After the second time in a month when my daughter, Sophia, asked for a note to sit out of gym class, I asked her what was going on. She told me sixth graders were running the mile, and as the slowest one in her class, she was too embarrassed to try again.
No one made fun of her, but she was always one of the last kids to finish while the other kids watched from the bleachers. She's a smart kid, and she likes spending all her time inside, reading and working on the computer. I've tried to limit her screen time to get her outside and moving by having her join the middle school soccer team, but she doesn't have a natural competitive streak so she wasn't really motivated. I even tried to talk to her gym teacher but the coach was dealing with huge class sizes and just didn't have time to give Sophia special attention. I was worried that if I didn't figure out a way to get Sophia interested in being active, it could negatively impact the rest of her life. Instead of telling her to push herself until she gets sick in gym class, I got her a subscription to Aaptiv, an audio workout app for her phone. They have fitness-instructor guided programs for doing workouts, motivating you through runs, teaching you how to stretch and more.
I've been using Aaptiv for a while, including to help me train for the annual charity 5k. The app has been a godsend for staying engaged during cardio training because I lose motivation on the treadmill after 2 minutes of going at it alone. The Top40 music and trainer's encouragement helped me so much, I thought it would work for my daughter too. I had Sophia download the app to her phone, and we browsed together some of the different programs and classes. They add 40 new classes a week, so there's always something new. Sophia wanted to try one that would help her run a mile, and we decided to do it together.
When she got home from school, before doing her homework, the two of us changed into exercise clothes, and then went outside. Sophia put the earbuds into her ear and was pleasantly surprised to find that every program has a soundtrack of music she actually likes. It's not just elevator music; they have all the biggest artists like Cardi B, Sia, and Britney Spears.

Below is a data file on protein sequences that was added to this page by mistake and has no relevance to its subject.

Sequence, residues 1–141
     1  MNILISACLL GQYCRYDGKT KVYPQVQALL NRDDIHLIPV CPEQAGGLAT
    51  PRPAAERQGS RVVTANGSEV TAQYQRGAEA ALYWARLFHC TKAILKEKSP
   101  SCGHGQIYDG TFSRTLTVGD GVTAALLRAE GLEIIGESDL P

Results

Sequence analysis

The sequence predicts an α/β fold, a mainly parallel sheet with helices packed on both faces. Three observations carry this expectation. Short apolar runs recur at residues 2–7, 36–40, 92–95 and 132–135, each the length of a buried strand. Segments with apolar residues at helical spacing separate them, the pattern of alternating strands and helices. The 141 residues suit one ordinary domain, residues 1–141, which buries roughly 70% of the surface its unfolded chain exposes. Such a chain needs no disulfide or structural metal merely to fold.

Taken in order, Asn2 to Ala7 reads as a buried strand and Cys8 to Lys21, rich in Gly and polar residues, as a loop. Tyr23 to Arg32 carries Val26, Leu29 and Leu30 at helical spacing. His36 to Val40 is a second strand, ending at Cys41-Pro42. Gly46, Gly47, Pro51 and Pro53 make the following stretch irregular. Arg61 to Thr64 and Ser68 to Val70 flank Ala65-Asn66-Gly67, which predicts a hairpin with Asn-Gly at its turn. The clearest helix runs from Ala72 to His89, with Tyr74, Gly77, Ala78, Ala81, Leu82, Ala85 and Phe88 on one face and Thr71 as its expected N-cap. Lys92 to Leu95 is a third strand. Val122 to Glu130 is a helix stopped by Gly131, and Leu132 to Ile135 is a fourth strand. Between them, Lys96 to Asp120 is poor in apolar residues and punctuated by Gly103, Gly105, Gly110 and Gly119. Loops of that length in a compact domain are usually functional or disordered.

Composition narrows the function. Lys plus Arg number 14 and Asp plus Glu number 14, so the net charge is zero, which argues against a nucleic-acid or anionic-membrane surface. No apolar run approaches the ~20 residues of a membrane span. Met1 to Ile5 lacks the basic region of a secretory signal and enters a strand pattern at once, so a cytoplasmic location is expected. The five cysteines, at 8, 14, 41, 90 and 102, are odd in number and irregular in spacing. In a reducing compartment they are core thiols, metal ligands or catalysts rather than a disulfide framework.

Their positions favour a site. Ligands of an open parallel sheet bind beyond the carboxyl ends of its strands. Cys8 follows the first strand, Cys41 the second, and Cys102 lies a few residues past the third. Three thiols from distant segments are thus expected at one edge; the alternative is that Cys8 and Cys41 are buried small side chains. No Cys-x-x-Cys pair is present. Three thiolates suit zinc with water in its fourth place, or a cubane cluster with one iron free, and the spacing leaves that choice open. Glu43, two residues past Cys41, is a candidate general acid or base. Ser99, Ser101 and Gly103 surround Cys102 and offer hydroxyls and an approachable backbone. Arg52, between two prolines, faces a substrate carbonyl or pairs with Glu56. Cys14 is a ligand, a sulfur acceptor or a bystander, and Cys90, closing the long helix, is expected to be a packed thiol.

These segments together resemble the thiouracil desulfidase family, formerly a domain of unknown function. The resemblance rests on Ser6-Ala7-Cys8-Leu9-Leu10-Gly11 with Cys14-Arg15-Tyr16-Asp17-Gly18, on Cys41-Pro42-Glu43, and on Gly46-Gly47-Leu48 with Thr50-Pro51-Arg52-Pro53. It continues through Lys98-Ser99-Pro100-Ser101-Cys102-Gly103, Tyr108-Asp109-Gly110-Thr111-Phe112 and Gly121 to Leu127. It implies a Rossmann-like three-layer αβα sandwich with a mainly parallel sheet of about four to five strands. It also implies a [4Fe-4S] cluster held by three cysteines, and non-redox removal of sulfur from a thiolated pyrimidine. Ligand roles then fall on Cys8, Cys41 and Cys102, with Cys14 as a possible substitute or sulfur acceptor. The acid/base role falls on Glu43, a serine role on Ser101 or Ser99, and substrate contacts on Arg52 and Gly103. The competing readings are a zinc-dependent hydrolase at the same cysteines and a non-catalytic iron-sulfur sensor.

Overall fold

So she wouldn't feel self-conscious, I ran on the same track, keeping my eye on her while letting her go at her own pace. I know she's gotten embarrassed in the past when she feels like people are watching her, so the app was a good way for her to get the motivation and pro-tips she needed without having to work with a trainer. The audio instructor was such an expert, that the moment she started to feel a little out of breath from jogging, she was guided to walk. Sophia is a slow runner, but by alternating between jogging and walking, she was able to run faster for shorter bursts of time, which kept her from getting as tired and helped her build stamina.
When we did our lap and made it back home, Sophia found that her favorite band, Pentatonix was the soundtrack to an ab strength workout, so she did it alone in her room. I was so relieved that my daughter, especially at the tricky age of 11, was finding a healthy way to exercise. Three times a week, Sophia and I went for a guided run together, and after two months, she was able to run a mile without stopping for walk breaks!
Sophia's excited to try the mile-run at school again next year, which is a huge improvement from asking me to write her out of class. In the meantime, she's devouring every workout with a Pentatonix playlist they have, and also working on how to do the basics, like a proper push-up. Aaptiv has given me peace of mind that my daughter is going to have fun exercising, and will start the 7th grade on a physically and emotionally healthy track.
Making new friends as an adult can be hard, but we've got a few tips to help expand your social circle